Dr. Vickie Casanova-Willis
Dr. Vickie Casanova-Willis, MBA, MAT, and PhD in Global and Comparative Education, is a non-profit administrator and educator, splitting her time between direct service and writing to advance the growing human rights movement in the US. She is a teaching artist and cultural worker with decades of activism, working with children and families in the Black and Latino communities on Chicago’s South and West Sides. Her focus is on building capacity for historically marginalized individuals and communities to participate in the decisions that impact their lives and futures.
Dr. Casanova-Willis's current work includes board roles (Executive Committee for the US Human Rights Network, Steering Committee of the US Human Rights Cities Alliance, and Westside Justice Center) as well as direct engagement with underserved youth and families across ethnicities and nationalities. She has spent over a decade collaborating with friends in the legal and activist community utilizing her skills and relationships in business, performing arts, interdisciplinary education, organizing and administration, to bear on a problem that hits very close to home. As a woman of color and teacher/employer to hundreds of primarily African American/African descendant youth over the last few years, she views the need for transformative action to dismantle structural racism as critically urgent. This is truly life or death, and requires a totally new approach.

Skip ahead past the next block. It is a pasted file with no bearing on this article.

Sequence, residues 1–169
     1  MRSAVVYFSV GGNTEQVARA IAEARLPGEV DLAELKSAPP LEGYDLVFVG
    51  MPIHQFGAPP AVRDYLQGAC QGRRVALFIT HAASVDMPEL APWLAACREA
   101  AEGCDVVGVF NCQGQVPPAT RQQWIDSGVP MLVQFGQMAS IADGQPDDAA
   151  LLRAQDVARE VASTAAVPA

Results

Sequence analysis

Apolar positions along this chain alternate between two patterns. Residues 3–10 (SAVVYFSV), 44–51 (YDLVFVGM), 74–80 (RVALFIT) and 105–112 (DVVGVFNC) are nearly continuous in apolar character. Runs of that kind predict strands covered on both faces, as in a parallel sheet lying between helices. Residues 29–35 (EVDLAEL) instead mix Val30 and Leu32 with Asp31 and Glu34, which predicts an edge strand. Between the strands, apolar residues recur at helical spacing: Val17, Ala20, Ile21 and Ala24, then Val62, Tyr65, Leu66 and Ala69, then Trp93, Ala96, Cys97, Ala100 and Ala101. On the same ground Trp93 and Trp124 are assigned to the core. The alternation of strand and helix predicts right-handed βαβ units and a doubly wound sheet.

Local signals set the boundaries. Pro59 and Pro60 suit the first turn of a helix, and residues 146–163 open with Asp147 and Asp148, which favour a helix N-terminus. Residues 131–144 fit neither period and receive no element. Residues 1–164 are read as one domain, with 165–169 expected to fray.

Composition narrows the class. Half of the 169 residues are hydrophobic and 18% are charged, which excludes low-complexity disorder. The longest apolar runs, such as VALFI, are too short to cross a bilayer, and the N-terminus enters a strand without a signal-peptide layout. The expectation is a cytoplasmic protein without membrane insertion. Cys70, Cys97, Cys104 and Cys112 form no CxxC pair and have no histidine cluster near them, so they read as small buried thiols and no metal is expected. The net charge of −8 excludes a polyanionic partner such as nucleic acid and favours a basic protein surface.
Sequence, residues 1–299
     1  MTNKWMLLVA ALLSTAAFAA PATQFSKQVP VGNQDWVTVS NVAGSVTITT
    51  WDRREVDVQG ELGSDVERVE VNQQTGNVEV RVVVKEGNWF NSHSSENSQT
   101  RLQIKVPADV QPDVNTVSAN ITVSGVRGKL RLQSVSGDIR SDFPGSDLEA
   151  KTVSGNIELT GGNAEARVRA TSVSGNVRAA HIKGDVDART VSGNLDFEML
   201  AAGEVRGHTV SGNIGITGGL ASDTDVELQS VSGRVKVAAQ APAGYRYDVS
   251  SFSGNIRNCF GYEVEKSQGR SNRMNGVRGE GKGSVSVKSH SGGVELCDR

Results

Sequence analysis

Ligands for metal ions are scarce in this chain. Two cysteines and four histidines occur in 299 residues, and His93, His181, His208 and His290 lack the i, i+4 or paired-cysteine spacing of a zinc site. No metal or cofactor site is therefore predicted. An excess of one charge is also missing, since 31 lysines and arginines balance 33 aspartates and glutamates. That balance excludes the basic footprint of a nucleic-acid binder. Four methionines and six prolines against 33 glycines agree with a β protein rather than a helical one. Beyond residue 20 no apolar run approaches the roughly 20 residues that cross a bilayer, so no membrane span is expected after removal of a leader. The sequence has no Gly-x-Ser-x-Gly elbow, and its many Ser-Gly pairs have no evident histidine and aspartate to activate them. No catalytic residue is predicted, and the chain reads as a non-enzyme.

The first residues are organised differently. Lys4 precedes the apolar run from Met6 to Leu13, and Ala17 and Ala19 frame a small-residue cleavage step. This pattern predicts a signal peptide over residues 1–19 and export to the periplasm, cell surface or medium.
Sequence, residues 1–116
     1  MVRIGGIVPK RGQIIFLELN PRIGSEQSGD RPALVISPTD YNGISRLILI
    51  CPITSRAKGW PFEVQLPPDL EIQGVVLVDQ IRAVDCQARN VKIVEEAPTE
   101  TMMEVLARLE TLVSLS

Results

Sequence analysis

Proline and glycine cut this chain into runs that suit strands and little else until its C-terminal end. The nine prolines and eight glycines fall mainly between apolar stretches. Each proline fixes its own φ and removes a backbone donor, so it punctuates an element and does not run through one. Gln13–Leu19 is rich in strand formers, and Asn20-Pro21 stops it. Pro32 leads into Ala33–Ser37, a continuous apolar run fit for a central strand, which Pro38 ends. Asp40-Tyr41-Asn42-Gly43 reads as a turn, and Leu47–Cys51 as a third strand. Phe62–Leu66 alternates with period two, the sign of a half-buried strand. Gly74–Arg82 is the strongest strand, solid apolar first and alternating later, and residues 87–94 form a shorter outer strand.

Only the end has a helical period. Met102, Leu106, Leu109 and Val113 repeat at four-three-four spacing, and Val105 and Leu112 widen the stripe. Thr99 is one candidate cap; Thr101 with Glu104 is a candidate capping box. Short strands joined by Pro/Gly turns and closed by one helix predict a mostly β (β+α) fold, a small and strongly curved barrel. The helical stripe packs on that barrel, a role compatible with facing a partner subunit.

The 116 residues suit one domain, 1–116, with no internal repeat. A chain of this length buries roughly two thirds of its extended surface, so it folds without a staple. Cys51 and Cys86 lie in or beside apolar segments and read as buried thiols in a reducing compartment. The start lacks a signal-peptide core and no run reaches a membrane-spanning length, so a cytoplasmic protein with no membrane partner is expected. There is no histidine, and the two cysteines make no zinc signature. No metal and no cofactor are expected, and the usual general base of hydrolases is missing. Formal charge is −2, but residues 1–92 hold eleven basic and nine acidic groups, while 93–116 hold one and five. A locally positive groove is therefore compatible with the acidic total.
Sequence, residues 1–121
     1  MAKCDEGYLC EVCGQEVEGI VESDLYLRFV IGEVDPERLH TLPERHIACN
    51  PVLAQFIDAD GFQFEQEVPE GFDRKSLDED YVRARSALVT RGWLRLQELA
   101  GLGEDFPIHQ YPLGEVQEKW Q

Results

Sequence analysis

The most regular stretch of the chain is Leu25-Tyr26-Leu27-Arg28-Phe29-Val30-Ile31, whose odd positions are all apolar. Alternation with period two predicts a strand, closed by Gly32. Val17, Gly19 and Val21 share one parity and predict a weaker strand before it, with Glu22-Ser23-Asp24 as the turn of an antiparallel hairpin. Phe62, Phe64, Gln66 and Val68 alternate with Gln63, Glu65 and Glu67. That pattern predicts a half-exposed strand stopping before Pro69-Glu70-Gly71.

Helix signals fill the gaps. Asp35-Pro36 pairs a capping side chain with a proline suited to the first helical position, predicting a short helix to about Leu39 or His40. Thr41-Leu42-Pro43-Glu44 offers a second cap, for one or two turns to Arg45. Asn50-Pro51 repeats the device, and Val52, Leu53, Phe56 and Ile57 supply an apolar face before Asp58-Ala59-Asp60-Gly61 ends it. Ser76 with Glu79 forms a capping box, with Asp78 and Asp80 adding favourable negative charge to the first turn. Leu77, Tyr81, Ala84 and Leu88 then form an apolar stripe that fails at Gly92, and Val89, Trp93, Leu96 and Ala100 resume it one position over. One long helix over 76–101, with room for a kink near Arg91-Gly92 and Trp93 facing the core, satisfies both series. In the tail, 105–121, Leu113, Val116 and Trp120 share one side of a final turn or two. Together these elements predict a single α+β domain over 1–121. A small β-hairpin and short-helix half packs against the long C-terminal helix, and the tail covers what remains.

Dr. Casanova-Willis is a founding member of Black People Against Police Torture, the grassroots organization that helped lead a broad based coalition to internationalize Chicago’s police torture issue, while creating the Torture Inquiry Relief Commission - a state legislative remedy for Torture victims. She has performed, published articles, and presented papers at national and international conferences, speaking on race and ethnicity from an arts, education, and media perspective. Dr. Casanova-Willis serves on the Trinity UCC Justice Watch Team as African Diaspora Solidarity Chair, and human rights catalyst, and is a frequent liaison with the African and Caribbean communities through her work as a community organizer and youth worker. She is a proud member of the US Human Rights Network, a former FIHRE Fellow, co-author of several stakeholder reports, co-hosted the Working Group of Experts on People of African Descent and the Working Group on Arbitrary Detention and served on its 2014 USHRN CAT Taskforce selection committee. She is a past President of the National Conference of Black Lawyers and is happily married to civil and human rights legal legend Attorney Standish E. Willis (retired).